Crisis, reform and recovery

The Asian financial crisis of 1997-98 shook the foundations of the global economy and what began as a localised currency crisis soon engulfed the entire Asian region. This book explores what went wrong and how did the Asian economies long considered 'miracles' respond, among other things. The combined effects of growing unemployment, rising inflation, and the absence of a meaningful social safety-net system, pushed large numbers of displaced workers and their families into poverty. Resolving Thailand's notorious non-performing loans problem will depend on the fortunes of the country's real economy, and on the success of Thai Asset Management Corporation (TAMC). Under International Monetary Fund's (IMF) oversight, the Indonesian government has also taken steps to deal with the massive debt problem. After Indonesian Debt Restructuring Agency's (INDRA) failure, the Indonesian government passed the Company Bankruptcy and Debt Restructuring and/or Rehabilitation Act to facilitate reorganization of illiquid, but financially viable companies. Economic reforms in Korea were started by Kim Dae-Jung. the partial convertibility of the Renminbi (RMB), not being heavy burdened with short-term debt liabilities, and rapid foreign trade explains China's remarkable immunity to the "Asian flu". The proposed sovereign debt restructuring mechanism (SDRM) (modeled on corporate bankruptcy law) would allow countries to seek legal protection from creditors that stand in the way of restructuring, and in exchange debtors would have to negotiate with their creditors in good faith.

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was in tatters. Inflation was rising alarmingly, as was the level of imports. British industry began to suffer from the The economy 9 effects of rising wages and prices and several large companies were threatening to go out of business. When Rolls-Royce went bust, the writing was on the wall. Heath did what he said he would never do and stepped in to save Rolls-Royce with government money. He also imposed a six-month freeze on wage rises, to be replaced later by strict controls. His Chancellor, Anthony Barber, was forced to raise taxation in order to control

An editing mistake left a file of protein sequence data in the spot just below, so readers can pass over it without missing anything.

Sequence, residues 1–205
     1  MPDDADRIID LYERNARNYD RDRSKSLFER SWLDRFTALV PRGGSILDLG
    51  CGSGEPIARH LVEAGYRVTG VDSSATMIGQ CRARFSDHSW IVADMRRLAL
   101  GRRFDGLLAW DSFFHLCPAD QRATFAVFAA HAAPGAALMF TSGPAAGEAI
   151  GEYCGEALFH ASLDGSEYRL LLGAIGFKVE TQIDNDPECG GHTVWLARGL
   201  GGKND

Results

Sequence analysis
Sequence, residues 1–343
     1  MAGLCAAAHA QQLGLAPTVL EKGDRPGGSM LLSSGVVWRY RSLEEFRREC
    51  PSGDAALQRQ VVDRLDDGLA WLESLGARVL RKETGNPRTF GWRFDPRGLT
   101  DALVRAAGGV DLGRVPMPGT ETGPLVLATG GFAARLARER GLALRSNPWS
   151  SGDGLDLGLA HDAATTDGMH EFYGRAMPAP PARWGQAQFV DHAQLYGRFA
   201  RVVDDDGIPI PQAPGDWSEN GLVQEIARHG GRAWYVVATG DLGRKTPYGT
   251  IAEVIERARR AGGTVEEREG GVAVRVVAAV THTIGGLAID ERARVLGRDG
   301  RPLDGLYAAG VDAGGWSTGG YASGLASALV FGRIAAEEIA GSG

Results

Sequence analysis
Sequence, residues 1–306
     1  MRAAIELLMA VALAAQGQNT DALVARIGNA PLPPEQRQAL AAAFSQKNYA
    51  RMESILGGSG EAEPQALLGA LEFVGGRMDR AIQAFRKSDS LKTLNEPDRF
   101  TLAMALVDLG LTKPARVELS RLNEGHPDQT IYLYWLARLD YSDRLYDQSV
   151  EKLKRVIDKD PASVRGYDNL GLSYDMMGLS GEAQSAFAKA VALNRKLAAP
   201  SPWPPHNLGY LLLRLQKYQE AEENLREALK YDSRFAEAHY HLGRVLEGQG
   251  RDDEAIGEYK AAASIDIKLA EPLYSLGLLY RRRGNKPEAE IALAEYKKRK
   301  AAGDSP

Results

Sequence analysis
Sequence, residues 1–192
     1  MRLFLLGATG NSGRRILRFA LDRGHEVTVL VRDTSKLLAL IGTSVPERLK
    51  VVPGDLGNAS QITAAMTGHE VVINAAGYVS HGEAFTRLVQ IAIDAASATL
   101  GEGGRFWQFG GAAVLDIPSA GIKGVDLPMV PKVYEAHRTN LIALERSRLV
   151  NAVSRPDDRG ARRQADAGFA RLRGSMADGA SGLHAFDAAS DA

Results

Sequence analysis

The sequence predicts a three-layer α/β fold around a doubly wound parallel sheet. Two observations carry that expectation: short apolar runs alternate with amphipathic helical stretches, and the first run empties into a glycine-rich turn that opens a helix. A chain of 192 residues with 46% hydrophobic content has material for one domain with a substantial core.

in Understanding British and European political issues
Towards a union or not?

financial markets that it lower its policy-setting rate, in the meantime raised to 4.75 per cent, to prevent Euroland from sliding into recession. The ECB’s argument was that inflation was too high and risked rising further if the rate was lowered. In May 2001, however, the ECB changed course and lowered the rate to 4.5 per cent, arguing that it had overrated actual inflation. Markets did not take to this kindly and the euro weakened further to $0.83 in July, but then firmed at around $0.90 during the autumn.36 The ECB’s dilemma perfectly illustrated the previously

in Destination Europe

protracted one. Though the reasons seem to be more cultural and emotional with strong relevance to human rights (see Chapter 5 ), and not strictly economic, deep gaps still exist in the latter area as well. For instance, EU inflation for the years 1998–2000 has been 1.3–1.7 percent annually. Alas, the Turkish average figure was close to 70 percent, and the crisis of winter 2001 elevated inflation even further. The average increase of EU exports and imports for the same period comes to 7.1–6.7, and 7.0–6.2 percent, respectively. The Turkish average figures amount to minus

in Turkey: facing a new millennium
Germany, Sweden and Australia compared